According to the Posted Schedule, grades for the first reporting period were to be finalized no later than Monday evening … which really shouldn’t have been a problem for anyone, since the reporting period had ended last Wednesday. But under heavy use, the New Student Information System had some connection error messages by mid-morning, and Ms. X was fretful at lunch time. “Grades are due this evening, aren’t they?” she asked, and then she fretted and complained about too much to do and the new lesson plan form, about the meeting scheduled for Monday afternoon and her fears and worries. “I know why They scheduled that meeting today,” she said, “when grades are due tonight. It’s a punishment meeting or something.”
“No,” I told her, “I don’t think so.” There usually are meetings on Mondays, and theoretically – if you’ve been keeping up with things – there shouldn’t be much grade-related work for Ms. X, Mr. Y, or anyone else to do. If the Relevant Powers even looked at grade-related calendar issues, They probably scheduled the meeting in a belief (or at least a hope) that folks would be relatively free and unoccupied, able to focus on the various tasks that various committees would be undertaking. But Ms. X refused to be persuaded. “I need to sit down and Put Grades In this afternoon,” she said, “but what if Somebody walked in and saw me sitting down?”
it wasn’t just the New Student Information System that was experiencing Connection Errors.
At the meeting, Young Mr. N had a very different set of concerns. He’s taken over a program that used to be very strong, but had fallen on hard times and difficulties since his Legendary Predecessor retired a few years ago. His younger students are excited and happy, but his advanced students are angry. This is supposed to be an easy class, they’d told him. How dare you have different expectations from Young Ms. X last year? He’s working on building connections to support those expectations, but it’s a long, slow effort and connection errors are inevitable.
Young Ms. T was frustrated, too. “Why did you decide to take this class?” she’d asked one group of students, “when you aren’t very good at This Subject?” Some had wanted a GPA boost, some had expected Legendary Ms. F, who moved to a different school, and some said They had “just put me in here and I don’t even know why.” But Ms. T’s frustrations, like those of Young Mr. N, were very different from those of Ms. X. “My students want me to give them a worksheet and a set of steps to memorize,” she said, “but that’s not what they need, and it’s not what I’m going to do.” She, like Mr. N, is working to build connections to support her expectations of her students. But it’s slow, difficult work, and connection errors are inevitable.
I reassured them both with stories of connection errors I’ve made over the years, of connections that somehow formed with students, even whole classes, that initially seemed utterly resistant. But the work of building connections and communities is very different from the two clashing paradigms behind the conflicts between those colleagues and their students. For the teachers, there’s still a factory-notion of tasks and processes. If students would just do the tasks, surely they’d learn the information and understand the concepts! For their students, living in a broader society and a geographical area where retail and service are the largest private employers, there’s a retail-notion: I’m the customer, and even though I don’t really expect good service, I ought to get my needs and wants met. Why are you making me do these difficult things, Ms. X? Why won’t you just make it easy for me, Ms. T and Mr. N?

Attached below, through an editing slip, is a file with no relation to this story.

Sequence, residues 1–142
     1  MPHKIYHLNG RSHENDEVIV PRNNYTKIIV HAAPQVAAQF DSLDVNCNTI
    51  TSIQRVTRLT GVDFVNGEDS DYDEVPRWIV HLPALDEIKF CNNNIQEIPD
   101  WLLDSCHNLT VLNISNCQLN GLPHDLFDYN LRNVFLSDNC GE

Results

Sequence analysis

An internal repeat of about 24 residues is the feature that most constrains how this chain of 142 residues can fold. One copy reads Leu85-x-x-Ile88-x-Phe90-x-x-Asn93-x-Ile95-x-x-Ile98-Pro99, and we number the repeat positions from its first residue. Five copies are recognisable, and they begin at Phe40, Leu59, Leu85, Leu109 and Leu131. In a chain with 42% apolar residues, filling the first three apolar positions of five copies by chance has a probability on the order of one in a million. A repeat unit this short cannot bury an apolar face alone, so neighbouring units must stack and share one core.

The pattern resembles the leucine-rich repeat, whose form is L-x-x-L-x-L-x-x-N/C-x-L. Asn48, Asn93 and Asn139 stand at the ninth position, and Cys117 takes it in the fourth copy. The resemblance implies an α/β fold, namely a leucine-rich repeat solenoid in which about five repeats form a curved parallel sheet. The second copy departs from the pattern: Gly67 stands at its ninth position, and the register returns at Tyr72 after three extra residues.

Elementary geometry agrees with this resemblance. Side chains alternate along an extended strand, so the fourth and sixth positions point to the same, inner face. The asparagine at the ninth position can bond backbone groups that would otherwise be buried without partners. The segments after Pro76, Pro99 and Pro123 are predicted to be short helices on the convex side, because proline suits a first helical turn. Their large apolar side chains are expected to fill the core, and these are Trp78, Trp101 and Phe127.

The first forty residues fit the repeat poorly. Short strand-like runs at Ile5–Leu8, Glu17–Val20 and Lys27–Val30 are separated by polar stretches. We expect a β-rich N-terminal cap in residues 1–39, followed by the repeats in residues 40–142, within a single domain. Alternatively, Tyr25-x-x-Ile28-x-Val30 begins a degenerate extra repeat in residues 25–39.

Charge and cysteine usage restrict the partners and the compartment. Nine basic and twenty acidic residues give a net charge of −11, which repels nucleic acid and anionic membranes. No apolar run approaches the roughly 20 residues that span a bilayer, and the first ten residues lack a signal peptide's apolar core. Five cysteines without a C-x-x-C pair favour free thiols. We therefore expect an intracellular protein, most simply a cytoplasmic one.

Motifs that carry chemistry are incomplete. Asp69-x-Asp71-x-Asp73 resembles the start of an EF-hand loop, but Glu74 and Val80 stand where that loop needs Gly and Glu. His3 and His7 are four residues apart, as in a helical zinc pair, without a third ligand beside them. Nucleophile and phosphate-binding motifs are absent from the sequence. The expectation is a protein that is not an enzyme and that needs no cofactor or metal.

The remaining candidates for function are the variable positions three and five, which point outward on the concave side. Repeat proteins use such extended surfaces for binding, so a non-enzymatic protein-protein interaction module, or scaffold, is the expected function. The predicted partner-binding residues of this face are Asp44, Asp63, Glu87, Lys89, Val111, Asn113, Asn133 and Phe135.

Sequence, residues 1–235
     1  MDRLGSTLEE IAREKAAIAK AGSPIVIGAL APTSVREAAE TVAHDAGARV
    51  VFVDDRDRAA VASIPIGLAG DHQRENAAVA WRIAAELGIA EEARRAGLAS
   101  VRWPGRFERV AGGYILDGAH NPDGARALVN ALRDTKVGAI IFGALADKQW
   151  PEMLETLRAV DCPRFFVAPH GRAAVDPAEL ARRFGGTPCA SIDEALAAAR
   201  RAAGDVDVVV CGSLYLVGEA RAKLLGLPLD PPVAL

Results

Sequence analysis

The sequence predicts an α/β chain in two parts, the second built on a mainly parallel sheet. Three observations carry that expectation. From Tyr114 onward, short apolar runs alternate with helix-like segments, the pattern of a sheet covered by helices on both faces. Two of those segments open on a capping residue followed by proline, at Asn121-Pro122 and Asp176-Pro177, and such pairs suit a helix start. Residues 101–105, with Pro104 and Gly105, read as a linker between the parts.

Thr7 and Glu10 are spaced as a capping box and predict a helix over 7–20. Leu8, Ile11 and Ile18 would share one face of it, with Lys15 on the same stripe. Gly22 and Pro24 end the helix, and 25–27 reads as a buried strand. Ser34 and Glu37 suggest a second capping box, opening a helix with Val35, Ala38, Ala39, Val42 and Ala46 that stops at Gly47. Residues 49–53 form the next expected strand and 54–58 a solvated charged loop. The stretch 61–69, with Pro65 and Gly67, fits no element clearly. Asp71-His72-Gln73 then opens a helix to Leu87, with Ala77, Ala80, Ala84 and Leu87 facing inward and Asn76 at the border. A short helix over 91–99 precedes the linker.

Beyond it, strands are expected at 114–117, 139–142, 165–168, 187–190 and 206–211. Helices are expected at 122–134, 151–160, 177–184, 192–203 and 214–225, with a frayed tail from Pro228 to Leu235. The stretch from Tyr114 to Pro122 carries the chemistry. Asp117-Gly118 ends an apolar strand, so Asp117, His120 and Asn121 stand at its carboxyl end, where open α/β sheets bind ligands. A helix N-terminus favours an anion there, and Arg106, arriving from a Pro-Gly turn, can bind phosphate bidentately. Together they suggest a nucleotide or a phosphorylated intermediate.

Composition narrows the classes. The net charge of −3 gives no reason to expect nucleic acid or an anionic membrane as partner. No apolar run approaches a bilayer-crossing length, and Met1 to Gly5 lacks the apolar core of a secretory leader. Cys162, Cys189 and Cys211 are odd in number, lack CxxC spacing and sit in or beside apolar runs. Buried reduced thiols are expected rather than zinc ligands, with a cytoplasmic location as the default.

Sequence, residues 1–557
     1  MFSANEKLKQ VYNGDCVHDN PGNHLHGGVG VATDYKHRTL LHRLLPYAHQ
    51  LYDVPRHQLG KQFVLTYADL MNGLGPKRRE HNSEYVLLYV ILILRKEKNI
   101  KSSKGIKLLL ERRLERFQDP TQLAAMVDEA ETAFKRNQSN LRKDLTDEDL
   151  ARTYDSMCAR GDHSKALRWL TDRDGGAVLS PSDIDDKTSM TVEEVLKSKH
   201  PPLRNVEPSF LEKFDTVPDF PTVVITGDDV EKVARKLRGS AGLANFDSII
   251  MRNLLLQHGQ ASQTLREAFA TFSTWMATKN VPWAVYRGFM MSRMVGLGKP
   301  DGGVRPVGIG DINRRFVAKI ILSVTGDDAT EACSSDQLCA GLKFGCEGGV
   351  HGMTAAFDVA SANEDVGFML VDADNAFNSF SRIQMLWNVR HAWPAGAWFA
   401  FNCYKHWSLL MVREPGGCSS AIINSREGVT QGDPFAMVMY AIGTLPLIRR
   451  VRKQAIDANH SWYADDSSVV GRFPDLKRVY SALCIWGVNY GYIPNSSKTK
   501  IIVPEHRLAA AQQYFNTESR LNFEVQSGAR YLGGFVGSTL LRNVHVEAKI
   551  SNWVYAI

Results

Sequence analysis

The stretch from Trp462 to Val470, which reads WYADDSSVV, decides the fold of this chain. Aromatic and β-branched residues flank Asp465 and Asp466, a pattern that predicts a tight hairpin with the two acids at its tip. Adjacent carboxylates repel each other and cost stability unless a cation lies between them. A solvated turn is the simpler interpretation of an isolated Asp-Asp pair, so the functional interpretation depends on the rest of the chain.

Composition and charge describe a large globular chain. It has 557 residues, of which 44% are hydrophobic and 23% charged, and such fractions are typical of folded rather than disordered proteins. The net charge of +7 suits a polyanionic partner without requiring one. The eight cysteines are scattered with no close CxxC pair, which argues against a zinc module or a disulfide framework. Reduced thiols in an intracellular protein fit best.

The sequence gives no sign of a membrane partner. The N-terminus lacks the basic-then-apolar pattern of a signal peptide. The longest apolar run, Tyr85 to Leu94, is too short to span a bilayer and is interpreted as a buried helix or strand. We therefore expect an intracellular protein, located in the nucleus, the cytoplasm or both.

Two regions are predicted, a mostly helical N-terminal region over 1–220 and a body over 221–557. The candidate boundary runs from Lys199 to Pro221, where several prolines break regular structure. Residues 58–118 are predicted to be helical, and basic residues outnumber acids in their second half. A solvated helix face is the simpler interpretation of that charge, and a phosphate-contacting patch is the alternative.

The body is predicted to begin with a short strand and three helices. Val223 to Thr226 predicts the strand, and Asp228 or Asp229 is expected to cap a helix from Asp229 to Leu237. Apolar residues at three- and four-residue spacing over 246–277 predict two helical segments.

Building a joyful learning community is different, of course, because you build it with, not for other members. It’s the none of the above, yet all of the above alternative to those clashing factory and retail paradigms. We may run into connection errors along the way, of course – D, K, and L are still learning how to manage themselves when it comes to using technology, and B, B, and U still distract themselves after all the time we’ve known each other. But there’s something about a learning community that allows us to restore the connections and move forward, just as the folks who maintain the New Student Information System were able to get it back up and running, connection error free, within a few hours.
I hope Ms. X “got her grades done” on time. But I really hope Ms. X takes a moment to think about the purpose of Those Grades, the purpose of That Meeting, the purpose of Those Lesson Plans. “They were due first,” she fretted, “and that’s why I got behind with Those Grades.” I hope she’ll soon be ready to move beyond tasks and processes, beyond the factory and retail paradigms, into the joyful community that needs and values her perspectives. And I hope Mr. N, Ms. T, and their students will soon be ready, too.
I wonder what new connections – and what new discoveries from connection errors we face and solve together – we’ll all discover today!